Police officers who are patrolling the streets watch for signs that a driver is impaired so they can initiate a traffic stop to determine what’s going on. They can’t stop a vehicle for no reason at all. Instead, they need to have reasonable suspicion that the driver has committed or is committing a crime.
What gives an officer enough reasonable suspicion to stop your vehicle?
There are many signs that the officers look for when they’re out on patrol. If they spot any of these (as well as a few other, less common, signs of impairment), they can initiate the traffic stop:
- A vehicle that’s drifting between two lanes or straddling the centerline
- A car that’s driving very slowly when taking current conditions into consideration
- A driver who isn’t using turn signals or who’s making illegal turns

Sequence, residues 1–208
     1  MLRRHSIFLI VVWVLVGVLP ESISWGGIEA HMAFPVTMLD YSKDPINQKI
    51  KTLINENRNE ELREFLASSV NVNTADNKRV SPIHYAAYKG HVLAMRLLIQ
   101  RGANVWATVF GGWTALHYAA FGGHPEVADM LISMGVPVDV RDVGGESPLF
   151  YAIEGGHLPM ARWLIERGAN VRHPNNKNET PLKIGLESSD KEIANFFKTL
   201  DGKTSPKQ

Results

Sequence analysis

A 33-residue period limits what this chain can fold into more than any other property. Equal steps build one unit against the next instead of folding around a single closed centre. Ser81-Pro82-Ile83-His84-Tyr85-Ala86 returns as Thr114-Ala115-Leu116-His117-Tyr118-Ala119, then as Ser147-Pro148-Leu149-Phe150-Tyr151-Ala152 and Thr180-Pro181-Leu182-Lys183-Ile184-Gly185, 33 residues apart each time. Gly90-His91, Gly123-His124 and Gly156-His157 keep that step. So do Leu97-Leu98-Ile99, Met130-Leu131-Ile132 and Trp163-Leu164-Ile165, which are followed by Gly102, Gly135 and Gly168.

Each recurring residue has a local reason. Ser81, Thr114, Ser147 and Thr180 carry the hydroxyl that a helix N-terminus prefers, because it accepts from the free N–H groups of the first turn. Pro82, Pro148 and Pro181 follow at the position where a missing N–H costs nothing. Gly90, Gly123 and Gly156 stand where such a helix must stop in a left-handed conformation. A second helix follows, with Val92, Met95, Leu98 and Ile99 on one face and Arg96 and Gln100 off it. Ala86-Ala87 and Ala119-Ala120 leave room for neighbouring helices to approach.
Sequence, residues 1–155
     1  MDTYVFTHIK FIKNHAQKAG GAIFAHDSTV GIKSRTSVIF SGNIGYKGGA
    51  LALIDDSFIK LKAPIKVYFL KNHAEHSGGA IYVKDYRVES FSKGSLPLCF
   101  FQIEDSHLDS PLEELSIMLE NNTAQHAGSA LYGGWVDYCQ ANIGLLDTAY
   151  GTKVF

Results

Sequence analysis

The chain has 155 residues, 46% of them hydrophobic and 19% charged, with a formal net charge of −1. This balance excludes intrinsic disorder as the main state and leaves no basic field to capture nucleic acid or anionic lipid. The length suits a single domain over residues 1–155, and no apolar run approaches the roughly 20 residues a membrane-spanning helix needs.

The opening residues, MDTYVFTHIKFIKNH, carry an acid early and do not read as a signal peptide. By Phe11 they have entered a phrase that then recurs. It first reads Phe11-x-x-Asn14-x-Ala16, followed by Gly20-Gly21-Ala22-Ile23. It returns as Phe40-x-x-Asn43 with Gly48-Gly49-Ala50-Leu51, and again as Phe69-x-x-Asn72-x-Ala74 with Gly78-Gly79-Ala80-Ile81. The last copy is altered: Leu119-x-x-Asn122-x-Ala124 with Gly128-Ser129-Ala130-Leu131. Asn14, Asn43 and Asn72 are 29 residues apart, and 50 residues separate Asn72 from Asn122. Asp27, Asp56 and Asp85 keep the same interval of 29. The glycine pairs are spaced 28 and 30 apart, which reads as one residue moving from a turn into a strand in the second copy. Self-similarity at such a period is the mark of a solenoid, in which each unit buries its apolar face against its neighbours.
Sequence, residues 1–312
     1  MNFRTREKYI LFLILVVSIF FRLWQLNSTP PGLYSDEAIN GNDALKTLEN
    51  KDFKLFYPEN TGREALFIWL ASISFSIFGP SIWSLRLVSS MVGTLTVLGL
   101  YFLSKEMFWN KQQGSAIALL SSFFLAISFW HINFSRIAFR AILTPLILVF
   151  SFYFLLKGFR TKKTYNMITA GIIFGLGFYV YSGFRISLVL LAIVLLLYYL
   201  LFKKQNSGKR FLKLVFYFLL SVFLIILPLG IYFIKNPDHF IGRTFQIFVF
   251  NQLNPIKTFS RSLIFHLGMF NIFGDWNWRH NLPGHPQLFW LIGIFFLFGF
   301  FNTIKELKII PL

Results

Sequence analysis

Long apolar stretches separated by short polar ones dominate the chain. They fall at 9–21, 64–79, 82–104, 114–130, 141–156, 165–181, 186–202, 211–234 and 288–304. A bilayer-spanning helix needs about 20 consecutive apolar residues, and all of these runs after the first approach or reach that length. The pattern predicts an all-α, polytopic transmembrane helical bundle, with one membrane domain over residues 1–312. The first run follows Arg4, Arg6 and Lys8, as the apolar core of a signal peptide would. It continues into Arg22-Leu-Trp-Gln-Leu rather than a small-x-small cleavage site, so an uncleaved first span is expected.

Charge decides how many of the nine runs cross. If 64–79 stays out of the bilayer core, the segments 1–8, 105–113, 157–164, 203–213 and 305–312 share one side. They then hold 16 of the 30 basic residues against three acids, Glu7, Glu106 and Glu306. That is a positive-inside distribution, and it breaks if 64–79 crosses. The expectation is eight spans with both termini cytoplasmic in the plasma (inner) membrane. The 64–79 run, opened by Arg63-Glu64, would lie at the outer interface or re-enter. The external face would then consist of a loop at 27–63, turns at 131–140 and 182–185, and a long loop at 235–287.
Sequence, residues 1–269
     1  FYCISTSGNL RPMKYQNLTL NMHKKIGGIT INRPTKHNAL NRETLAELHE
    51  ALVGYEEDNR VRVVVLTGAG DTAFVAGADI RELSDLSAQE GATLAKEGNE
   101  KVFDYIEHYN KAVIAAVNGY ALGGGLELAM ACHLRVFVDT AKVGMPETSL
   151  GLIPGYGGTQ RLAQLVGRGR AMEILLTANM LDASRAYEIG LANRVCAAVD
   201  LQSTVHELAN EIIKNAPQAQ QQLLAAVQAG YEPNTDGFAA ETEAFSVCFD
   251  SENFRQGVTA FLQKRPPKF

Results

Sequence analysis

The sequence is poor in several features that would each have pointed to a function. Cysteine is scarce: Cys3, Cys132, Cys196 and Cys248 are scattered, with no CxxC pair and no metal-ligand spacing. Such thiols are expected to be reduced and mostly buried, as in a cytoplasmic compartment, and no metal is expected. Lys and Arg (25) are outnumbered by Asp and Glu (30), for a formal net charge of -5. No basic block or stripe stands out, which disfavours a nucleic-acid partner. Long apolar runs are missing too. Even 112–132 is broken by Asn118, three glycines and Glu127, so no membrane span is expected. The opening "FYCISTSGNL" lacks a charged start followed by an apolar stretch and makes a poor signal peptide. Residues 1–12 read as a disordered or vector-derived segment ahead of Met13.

- A vehicle that’s braking for no discernable reason
- A car that’s nearly hitting things on the side of the road
- A driver who’s failing to obey the proper traffic signals and signs
It’s also possible that an officer will stop a vehicle if there’s anything else that’s breaking the law. Something as seemingly minor as a burned-out light or missing tag on your license plate can lead to a traffic stop that results in a drunk driving arrest.
If an officer determines that there’s probable cause to establish a drunk driving case, they’ll conduct an arrest. At that point, the driver’s concern should shift to ensuring that they’re working on their defense strategy. Seeking the assistance of an attorney who’s familiar with these cases can help the defendant considerably, but this should be done swiftly because some aspects of the defense are time-sensitive.